Utahns like Evan McMullin a little more than Sen. Mike Lee, but the independent challenger has a lot of voters who don’t seem to know him and he still slightly trails the Republican incumbent in the heated U.S. Senate race.
A new Deseret News/Hinckley Institute of Politics poll found 41% of Utahns would vote for Lee and 37% would vote for McMullin if the election were held today. Independent American candidate Tommy Williams picked up 2% and Libertarian James Arthur Hansen got 1%. Another 12% don’t know who they would vote for, while 5% would mark the ballot for someone else.
Dan Jones & Associates conducted the poll of 801 registered Utah voters for the Deseret News and the Hinckley Institute from Oct. 3-6. It has a margin of error of plus or minus 3.46 percentage points.
The survey also asked respondents to rank how likely they are to vote in the Nov. 8 midterm election, with 1 being definitely will vote and 5 being definitely will not vote. It found 97% of those surveyed say they are likely to vote, including 83% who say they will definitely vote.
The numbers stay virtually the same among likely voters, with 42% saying they would vote for Lee and 37% for McMullin. Still, 12% of likely voters don’t know who they would choose, and 5% would pick someone other than the four candidates on the ballot. The margin of error for that group numbering 773 respondents is plus or minus 3.52 percentage points.
The race tightens among those who say they definitely will vote, with 42% saying they would pick Lee and 40% that would pick McMullin. Among those 663 respondents, 10% didn’t know and 4% chose other. The margin of error for that sample is plus or minus 3.81 percentage points.
According to the poll, Utahns who identified themselves as moderates represent the highest percentages of undecided voters.
“The Utah Senate race will be won on the frontlines by the candidate who can capture the ever-important base of moderate voters,” said Jason Perry, director of the Hinckley Institute of Politics at the University of Utah. “Conservatives and liberals have largely made up their minds, now we’re going to see how the silent, moderate majority exerts their power. That is the ground both candidates want.”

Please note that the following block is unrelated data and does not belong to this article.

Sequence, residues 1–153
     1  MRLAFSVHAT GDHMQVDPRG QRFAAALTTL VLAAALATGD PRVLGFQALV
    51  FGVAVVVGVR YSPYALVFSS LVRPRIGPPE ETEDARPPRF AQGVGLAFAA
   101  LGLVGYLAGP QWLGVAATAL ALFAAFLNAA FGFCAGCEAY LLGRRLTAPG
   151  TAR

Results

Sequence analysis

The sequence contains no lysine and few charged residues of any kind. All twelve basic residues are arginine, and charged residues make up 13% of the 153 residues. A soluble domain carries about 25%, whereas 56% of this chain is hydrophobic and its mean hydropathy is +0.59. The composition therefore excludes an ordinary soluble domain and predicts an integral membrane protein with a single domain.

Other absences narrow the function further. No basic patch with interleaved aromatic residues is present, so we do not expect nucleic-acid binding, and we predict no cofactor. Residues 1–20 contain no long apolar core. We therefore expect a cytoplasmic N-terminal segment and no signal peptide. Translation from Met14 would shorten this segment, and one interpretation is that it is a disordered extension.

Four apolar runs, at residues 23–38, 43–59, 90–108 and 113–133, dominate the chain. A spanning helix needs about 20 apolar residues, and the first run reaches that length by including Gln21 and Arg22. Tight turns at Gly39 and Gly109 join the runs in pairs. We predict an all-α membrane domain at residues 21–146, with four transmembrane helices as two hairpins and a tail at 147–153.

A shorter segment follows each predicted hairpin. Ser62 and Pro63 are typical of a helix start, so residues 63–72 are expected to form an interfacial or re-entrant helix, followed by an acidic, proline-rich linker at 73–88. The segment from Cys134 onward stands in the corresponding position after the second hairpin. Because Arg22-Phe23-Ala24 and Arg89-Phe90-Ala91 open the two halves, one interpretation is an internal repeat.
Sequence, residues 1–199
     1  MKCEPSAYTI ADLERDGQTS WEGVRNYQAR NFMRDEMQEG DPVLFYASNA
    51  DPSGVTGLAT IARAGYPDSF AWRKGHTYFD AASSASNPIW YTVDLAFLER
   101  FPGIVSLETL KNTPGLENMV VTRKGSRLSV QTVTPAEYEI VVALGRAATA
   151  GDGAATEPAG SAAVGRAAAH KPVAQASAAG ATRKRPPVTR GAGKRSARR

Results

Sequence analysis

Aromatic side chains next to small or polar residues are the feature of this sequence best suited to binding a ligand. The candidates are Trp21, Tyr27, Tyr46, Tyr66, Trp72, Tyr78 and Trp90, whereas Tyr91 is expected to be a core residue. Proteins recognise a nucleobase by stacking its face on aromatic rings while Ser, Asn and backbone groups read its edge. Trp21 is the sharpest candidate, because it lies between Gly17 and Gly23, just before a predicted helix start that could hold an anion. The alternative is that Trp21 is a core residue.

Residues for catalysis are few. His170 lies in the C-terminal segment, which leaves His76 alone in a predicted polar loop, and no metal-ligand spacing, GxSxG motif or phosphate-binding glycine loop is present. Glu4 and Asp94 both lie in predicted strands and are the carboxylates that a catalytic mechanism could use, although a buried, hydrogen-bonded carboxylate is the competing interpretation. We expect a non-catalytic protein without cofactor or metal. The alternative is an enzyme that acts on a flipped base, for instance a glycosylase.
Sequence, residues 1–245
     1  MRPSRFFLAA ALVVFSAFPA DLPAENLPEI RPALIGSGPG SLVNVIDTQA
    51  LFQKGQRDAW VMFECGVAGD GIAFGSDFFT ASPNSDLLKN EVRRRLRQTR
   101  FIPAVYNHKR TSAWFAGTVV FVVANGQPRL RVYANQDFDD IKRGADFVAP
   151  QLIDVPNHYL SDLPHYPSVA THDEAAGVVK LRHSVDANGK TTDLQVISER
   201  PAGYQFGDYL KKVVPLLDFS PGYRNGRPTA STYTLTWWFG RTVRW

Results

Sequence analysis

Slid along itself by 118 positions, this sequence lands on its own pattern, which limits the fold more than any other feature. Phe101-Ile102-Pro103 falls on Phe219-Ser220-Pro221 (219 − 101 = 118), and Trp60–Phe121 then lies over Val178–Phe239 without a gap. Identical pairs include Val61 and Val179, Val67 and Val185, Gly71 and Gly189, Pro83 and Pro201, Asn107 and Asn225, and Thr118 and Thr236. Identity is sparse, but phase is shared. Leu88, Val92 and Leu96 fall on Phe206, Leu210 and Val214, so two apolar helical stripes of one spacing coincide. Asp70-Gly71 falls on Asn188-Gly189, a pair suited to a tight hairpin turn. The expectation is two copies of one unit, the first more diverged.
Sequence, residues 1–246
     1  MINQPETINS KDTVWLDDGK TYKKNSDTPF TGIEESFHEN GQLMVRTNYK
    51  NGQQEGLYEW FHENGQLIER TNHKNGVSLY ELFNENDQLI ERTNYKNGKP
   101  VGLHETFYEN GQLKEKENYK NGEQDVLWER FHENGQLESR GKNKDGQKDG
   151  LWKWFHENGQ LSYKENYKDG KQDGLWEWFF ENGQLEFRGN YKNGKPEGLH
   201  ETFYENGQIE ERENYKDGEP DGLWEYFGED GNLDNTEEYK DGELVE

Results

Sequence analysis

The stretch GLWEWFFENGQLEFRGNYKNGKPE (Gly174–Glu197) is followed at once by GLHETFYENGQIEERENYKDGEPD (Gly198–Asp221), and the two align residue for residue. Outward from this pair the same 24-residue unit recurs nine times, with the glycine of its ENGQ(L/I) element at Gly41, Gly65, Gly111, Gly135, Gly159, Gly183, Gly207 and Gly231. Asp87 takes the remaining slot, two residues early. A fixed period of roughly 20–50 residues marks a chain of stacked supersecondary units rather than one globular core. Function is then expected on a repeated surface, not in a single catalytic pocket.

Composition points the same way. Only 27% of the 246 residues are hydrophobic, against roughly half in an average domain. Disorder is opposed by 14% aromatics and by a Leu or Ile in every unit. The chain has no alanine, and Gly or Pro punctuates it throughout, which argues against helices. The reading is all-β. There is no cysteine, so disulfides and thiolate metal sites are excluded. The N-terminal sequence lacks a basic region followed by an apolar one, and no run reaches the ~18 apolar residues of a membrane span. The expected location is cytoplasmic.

Both McMullin and Lee ticked upward in the new survey as the amount of undecided voters dropped from the September survey. The results overall have remained consistently close the past three months.
Super PACs have blistered the airwaves and social media with attack ads over the past couple weeks, pouring millions of dollars into what has become one of most unique races in the country. McMullin sued Club for Growth Action over one of the ads. The Washington-based PAC says the lawsuit is an attempt to “censor” it and Utah media.
While Lee has a slight edge in the head-to-head matchup, voters find McMullin a little more appealing, though more than a quarter don’t have an opinion about him with a month to go until Election Day. County clerks will start sending out ballots Oct. 18.
The survey found 42% have a favorable opinion of McMullin, while 30% have an unfavorable opinion of him.
For Lee, 40% have a favorable opinion of the two-term senator, but 47% have unfavorable opinion of him. His favorability rating closely mirrors his job approval rating. A Deseret News/Hinckley survey in September found 40% of Utahns approve of the job the two-term senator is doing in Washington, down six points from July, and was under water as 45% disapprove of his performance.
“Just like all other incumbents, Lee is grappling with the advantages and disadvantages of having a very public record. A challenger doesn’t often have that record for people to go after,” Perry said.
Though, unlike Lee, McMullin’s favorability rating isn’t underwater, 28% of voters have no opinion of him compared to 14% for the senator. While McMullin, a former Republican who ran an anti-Trump presidential campaign as an independent in 2016, has shown in his campaign messaging he is not Lee, the poll results indicate he hasn’t clearly defined who he is for Utahns.
Part of McMullin’s campaign is that he is not Lee, but for him to win the race, it has more than that, Perry said. It also turns on his ability to connect with voters on policies and approach to the job.
Lee, who was endorsed by former President Donald Trump, continues to enjoy solid support from his conservative GOP base.
Among those in the poll who identified themselves as Republicans, 60% say they would vote for Lee, compared to 26% for McMullin. At the same, 68% of Democrats in the survey would vote for McMullin, while only 2% for Lee.
Unaffiliated voters — those who don’t belong to a political party — favor McMullin over Lee 40% to 30%, though 16% are undecided.
Voters who consider themselves “very” or “somewhat” conservative overwhelmingly favor Lee, while the same is true for McMullin among “very” and “somewhat” liberal Utahns. McMullin owns a wide margin over Lee among “moderate” voters, 42% to 17%, but a quarter of them are undecided.
The new survey also found Lee has higher support among men, while McMullin has more support among women. Voters ages 24 and under prefer McMullin, while voters over age 56 go with Lee. Lee has a slight among those in between.
Among members of The Church of Jesus Christ of Latter-day Saints who identified themselves in the poll as “very active,” Lee leads McMullin 57% to 29%. For those who identified themselves as “somewhat/not active Latter-day Saints, McMullin was the choice over Lee 39% to 37%.